Valued qualities of Kings in ancient Egypt and Mesopotamia
5000 years ago, as people discovered or invented more and more tools, agriculture replaced hunting and gathering became the main path food comes from. Because of the higher productivity agriculture has and agriculture’s need of settlement, people settled down from then on and cities came into being at that time, which happened at Mesopotamia and Ancient Egypt at first. As the population grew up in these cities, people met with the need of better organizing. As a result, leaders were needed for the first time. What made leaders different from others? Here I’m going to share the three main valued qualities in my opinion, which are superhuman characters or controlling over religion, ability to organize a civilized, stable society and ability to protect their cities. I believe they are the reason why leaders of Egypt and Mesopotamia were different from others at time. The first kind is superhuman characters or control over religion. Superhuman character is obviously one of the important valued qualities. Gilgamesh Tale provides us a nice example. “He was wise, he saw mysteries and knew secret things, and he brought us a tale of days before the flood.” “When the gods created Gilgamesh they gave him a perfect body. Shamash the glorious sin endowed him with beauty, Adad the god of storm endowed him with courage, the great gods made his beauty perfect, surpassing all others, terrifying like a great wild bull. Two thirds they made him god and one third man.”(Reilly 45) Gilgamesh was unusually strong for his people, people were afraid of him, so they obeyed his command. Tales are usually believed fake nowadays; at least we cannot prove any of them real, but tales were made up for honor. When someone was so strong that his power is out of the imagining range of the public or did something so good like predict the coming of flood, ancient people would honor him as the leader as well as wrote a tale for him....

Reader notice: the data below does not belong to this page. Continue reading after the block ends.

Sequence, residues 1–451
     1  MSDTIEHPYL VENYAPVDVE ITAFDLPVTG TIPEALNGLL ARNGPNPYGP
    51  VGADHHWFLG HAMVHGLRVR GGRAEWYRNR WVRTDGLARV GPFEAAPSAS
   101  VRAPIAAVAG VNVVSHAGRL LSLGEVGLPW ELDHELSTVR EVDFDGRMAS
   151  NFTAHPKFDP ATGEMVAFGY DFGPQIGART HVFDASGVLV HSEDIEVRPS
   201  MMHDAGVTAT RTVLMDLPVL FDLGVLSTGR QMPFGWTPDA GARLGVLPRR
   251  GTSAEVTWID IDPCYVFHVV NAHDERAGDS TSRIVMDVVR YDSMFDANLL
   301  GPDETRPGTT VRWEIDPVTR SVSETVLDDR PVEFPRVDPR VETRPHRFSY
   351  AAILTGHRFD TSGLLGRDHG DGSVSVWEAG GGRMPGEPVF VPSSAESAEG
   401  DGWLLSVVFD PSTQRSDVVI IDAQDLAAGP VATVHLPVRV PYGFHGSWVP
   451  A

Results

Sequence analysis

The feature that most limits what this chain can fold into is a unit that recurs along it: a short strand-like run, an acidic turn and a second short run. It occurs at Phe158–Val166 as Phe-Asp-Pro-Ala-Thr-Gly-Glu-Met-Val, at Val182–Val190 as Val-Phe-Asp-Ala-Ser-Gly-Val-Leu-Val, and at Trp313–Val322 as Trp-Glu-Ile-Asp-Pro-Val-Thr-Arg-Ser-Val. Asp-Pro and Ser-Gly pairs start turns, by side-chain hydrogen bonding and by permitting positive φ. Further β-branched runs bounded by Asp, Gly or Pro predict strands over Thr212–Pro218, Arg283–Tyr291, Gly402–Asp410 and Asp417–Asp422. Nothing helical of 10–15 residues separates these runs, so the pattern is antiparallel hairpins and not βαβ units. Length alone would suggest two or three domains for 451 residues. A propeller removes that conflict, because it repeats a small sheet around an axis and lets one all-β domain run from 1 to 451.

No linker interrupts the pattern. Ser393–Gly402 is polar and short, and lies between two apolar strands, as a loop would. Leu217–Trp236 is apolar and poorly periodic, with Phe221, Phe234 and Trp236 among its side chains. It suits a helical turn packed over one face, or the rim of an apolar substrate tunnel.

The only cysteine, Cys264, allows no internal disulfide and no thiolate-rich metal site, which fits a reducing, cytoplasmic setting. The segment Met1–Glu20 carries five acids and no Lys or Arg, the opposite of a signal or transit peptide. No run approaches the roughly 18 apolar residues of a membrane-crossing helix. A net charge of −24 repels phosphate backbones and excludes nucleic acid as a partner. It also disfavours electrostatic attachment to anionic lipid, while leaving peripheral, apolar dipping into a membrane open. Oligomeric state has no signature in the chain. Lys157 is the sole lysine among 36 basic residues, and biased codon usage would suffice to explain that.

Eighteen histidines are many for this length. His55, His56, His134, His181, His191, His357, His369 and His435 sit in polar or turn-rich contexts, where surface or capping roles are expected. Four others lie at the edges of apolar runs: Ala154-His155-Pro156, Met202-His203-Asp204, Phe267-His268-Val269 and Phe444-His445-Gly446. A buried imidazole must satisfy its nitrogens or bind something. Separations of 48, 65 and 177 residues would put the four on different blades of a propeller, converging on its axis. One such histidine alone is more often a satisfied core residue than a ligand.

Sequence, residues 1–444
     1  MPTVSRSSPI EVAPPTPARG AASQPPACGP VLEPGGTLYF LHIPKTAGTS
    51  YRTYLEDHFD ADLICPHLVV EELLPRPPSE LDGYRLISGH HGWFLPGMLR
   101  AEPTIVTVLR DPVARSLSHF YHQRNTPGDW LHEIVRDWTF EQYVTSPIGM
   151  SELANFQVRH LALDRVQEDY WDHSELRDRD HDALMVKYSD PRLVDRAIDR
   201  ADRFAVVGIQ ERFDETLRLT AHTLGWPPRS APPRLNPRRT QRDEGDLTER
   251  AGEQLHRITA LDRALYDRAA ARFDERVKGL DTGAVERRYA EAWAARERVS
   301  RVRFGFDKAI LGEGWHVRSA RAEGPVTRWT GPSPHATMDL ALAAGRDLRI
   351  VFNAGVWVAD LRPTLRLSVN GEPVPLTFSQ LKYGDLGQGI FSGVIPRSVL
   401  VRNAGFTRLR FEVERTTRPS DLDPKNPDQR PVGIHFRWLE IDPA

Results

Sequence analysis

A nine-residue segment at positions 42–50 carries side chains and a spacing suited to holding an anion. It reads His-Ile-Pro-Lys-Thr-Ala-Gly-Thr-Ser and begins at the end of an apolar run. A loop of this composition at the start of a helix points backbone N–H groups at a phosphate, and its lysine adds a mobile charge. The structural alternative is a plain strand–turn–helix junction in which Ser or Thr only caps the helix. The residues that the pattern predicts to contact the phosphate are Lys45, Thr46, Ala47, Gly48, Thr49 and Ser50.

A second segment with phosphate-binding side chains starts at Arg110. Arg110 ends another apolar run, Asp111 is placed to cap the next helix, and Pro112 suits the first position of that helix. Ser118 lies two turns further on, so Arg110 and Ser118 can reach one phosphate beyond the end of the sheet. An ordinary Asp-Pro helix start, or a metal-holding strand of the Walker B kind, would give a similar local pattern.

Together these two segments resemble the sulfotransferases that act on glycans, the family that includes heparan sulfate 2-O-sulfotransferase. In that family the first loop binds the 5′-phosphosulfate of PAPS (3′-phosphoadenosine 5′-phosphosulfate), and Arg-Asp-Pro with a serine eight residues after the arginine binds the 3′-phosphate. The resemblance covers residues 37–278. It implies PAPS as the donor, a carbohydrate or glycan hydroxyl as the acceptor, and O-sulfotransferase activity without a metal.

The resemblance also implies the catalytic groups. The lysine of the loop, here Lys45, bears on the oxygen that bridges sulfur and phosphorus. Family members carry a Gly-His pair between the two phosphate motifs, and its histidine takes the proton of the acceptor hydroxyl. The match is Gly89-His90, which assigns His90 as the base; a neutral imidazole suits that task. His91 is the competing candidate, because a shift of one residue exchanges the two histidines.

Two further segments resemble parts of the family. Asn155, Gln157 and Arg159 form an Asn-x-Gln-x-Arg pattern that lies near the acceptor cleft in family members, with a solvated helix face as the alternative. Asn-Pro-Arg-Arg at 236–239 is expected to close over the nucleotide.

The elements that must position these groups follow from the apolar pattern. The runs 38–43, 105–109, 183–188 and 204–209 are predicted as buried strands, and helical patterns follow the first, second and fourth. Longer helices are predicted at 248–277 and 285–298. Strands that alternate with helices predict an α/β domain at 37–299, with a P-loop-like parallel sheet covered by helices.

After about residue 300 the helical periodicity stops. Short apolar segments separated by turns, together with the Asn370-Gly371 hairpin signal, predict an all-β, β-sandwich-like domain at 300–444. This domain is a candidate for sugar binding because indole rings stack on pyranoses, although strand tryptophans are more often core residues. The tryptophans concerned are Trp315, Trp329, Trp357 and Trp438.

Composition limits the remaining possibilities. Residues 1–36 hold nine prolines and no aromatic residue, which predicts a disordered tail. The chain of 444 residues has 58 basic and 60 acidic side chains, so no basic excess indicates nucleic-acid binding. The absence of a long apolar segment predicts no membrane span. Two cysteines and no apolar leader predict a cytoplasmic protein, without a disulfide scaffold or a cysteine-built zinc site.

K. Reilly. (2013). Worlds of History A Comparative ReaderVolume One: To 1550 the fifth edition. Boston• New York: Bedford/St. Martin 's.
Please join StudyMode to read the full document